I’ve heard from a number of authors recently how they wanted to wait until their new books came out to run features. As always, I offered to them the opportunity to run a Sneak Peek (book excerpt) for their book since it was more than 90 days old and therefore didn’t qualify for an announcement feature. Their response “Nah, that book’s time is over.”
No. I don’t buy that. Sorry. So, the book didn’t take off the way you’d hoped. That doesn’t mean you should give up on it. There’s no reason that you shouldn’t take advantage of book excerpts or guest posts or any other opportunity which comes your way to feature that book.
I have to say, much to my surprise (and chagrin), my first novel, Lust for Danger, is still my best seller – and it came out in 2001. It chugs along at a few copies per month, but saw a resurgence of interest when we ran a Book Brief feature on it here on Indies Unlimited. Not only did people purchase the book, it got a 5-star review – the first since 2002 I think! I’m eternally grateful for that review because it made me feel like the book doesn’t suck as badly as I thought it did. Thank goodness.
There’s absolutely no reason not to feature an older book. Not sure how to do it? Check out the IU submissions page. Check out other book bloggers and try to get some new reviews. Jim Devitt’s post here shows you how. Make a book trailer video. Even if you already have one, that’s okay – there’s nothing wrong with having more than one. Movies have more than one commercial “trailer” – why shouldn’t books? A fresh or different perspective may attract different readers. Do a book give-away on Goodreads. There’s no rule against it just because you think your book is old.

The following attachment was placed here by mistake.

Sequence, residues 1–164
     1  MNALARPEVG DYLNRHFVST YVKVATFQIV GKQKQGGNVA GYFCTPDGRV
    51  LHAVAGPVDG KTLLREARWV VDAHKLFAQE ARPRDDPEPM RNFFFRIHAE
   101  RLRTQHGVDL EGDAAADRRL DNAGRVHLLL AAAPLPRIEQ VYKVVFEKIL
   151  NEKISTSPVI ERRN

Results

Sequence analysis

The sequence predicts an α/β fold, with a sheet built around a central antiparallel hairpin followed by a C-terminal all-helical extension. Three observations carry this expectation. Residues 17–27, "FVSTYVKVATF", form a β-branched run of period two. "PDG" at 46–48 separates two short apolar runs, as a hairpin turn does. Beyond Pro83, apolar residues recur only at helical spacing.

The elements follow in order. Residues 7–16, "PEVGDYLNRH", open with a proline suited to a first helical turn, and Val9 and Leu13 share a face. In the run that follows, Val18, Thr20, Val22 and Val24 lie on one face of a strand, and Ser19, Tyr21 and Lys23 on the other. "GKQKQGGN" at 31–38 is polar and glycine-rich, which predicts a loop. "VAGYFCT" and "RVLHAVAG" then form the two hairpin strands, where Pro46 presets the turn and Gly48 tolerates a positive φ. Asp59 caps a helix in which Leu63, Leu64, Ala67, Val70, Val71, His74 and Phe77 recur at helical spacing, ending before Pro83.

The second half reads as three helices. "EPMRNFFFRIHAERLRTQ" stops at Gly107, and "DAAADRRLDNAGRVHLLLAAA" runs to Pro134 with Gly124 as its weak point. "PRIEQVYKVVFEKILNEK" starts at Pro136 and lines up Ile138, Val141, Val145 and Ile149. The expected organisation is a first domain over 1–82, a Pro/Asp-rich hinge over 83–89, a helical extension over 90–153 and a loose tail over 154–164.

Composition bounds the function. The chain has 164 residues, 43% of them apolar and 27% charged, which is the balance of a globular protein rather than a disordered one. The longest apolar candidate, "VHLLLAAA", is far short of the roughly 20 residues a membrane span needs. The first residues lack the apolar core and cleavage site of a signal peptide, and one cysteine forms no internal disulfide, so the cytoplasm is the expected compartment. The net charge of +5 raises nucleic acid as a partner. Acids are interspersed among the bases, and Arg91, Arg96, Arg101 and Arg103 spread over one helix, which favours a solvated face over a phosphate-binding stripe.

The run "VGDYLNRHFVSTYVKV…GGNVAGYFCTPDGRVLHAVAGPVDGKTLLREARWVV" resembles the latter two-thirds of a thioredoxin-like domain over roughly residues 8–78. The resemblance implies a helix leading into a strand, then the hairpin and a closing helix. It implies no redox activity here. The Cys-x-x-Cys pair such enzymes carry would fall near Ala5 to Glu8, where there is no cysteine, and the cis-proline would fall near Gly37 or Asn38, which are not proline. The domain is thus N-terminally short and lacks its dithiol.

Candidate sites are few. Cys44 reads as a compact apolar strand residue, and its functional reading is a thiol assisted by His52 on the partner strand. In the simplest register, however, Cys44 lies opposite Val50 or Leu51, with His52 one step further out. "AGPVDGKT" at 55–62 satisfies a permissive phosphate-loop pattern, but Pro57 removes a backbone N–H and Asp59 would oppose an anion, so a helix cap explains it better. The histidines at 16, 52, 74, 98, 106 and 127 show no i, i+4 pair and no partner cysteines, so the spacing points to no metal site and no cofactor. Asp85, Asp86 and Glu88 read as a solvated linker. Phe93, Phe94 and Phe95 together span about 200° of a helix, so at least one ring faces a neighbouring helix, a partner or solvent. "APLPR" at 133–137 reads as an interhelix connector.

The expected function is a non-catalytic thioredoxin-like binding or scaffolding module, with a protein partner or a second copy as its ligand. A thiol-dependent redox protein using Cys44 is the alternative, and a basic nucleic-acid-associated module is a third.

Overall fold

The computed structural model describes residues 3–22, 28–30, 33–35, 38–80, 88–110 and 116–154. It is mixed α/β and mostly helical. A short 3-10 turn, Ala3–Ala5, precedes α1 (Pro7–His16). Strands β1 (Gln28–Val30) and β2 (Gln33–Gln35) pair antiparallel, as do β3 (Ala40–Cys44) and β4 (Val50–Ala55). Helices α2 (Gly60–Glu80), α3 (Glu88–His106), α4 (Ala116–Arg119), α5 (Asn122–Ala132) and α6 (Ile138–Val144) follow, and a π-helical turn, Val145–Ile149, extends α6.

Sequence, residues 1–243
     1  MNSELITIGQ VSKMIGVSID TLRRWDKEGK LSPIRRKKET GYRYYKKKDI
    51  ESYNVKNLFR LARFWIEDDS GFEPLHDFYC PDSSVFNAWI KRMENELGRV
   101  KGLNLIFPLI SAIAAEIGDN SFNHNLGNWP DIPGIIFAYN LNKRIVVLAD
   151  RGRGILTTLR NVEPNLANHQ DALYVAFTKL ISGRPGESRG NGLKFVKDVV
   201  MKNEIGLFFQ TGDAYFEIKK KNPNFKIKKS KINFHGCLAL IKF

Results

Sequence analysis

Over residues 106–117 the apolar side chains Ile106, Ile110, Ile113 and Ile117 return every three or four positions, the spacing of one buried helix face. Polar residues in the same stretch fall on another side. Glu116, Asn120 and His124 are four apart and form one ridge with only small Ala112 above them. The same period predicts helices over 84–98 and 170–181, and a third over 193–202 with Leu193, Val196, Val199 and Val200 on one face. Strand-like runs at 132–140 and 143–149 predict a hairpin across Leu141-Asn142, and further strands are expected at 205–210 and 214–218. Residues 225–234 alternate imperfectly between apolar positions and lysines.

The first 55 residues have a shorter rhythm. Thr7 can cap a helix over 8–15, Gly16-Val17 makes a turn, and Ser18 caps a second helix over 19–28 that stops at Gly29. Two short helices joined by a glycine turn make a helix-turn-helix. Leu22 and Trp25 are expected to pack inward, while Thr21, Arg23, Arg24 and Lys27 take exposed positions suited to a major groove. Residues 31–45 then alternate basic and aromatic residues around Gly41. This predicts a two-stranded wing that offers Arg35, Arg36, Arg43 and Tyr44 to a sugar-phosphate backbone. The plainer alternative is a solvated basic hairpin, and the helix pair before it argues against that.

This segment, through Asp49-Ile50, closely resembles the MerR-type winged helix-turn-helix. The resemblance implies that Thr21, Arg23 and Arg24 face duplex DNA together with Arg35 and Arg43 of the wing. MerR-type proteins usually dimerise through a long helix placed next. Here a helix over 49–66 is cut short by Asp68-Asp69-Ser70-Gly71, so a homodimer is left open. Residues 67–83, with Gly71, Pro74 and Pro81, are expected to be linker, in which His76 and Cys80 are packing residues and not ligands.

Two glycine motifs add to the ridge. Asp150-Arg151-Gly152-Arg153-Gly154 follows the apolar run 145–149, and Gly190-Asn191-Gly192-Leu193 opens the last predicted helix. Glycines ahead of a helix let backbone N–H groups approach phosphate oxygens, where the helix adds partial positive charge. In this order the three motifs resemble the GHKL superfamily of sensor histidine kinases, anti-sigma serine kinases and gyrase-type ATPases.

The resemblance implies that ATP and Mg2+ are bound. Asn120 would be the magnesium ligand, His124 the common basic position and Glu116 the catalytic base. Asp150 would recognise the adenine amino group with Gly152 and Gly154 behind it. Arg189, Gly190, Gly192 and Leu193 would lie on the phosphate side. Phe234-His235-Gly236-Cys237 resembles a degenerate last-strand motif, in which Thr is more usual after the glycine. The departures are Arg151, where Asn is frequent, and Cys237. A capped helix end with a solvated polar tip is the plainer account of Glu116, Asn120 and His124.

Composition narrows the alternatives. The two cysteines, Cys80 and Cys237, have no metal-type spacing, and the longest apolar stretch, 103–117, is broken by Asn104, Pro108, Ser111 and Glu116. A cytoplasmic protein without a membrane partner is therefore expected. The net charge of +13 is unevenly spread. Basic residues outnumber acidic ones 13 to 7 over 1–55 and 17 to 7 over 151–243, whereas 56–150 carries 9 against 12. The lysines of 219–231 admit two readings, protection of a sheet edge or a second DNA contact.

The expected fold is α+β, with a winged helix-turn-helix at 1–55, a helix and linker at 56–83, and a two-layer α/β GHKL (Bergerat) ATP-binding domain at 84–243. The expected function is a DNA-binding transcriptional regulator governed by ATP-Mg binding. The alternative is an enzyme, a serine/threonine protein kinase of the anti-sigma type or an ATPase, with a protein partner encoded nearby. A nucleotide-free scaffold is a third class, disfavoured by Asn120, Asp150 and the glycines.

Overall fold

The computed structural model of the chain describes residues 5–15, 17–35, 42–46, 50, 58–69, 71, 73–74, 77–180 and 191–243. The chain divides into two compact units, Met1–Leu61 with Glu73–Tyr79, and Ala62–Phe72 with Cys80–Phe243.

Speaking of Goodreads, a great way to get interest from folks who haven’t heard of you or your book before is by adding it to some lists in their Listopia feature. I didn’t even know such a thing existed – thank goodness Melissa Pearl brought it to my attention (tutorial here.) While I was checking out her article (yes, I really do test-run every tutorial!), I added Bad Book to a few lists, including “Funny as Hell” – next thing I knew it was #15 on that list and over 150 people had marked it “to be read.” How’s that for resuscitation? (Oh, and if you click through to check it out, please vote for it. Thanks.)
Are you on Pinterest? Have you made a board for your book? What about on Socl? Have you put your book up on Shelfari or LibraryThing? What about on LinkedIn? We have tutorials for these as well, of course.
I don’t know how long it took you to write your book. I started the sequel to Lust for Danger in 1991. You better believe when that book comes out, I will be launching a long-term slowly-but-surely campaign for it. Trust me, I know how easy it is to get discouraged when books don’t sell the way you’d like. Honestly, with sixteen published titles, I figured I’d be getting jig-inducing royalty checks by now. But that doesn’t mean I’m going to sell myself short. I figure if it took me twenty-two years to write the darn book, I can at least do it justice and take advantage of every opportunity that arises to get it out there. And if that means four minutes, days, months or even years after the release, then darn straight I’m going to. Books don’t have an expiration date. Thank goodness, right?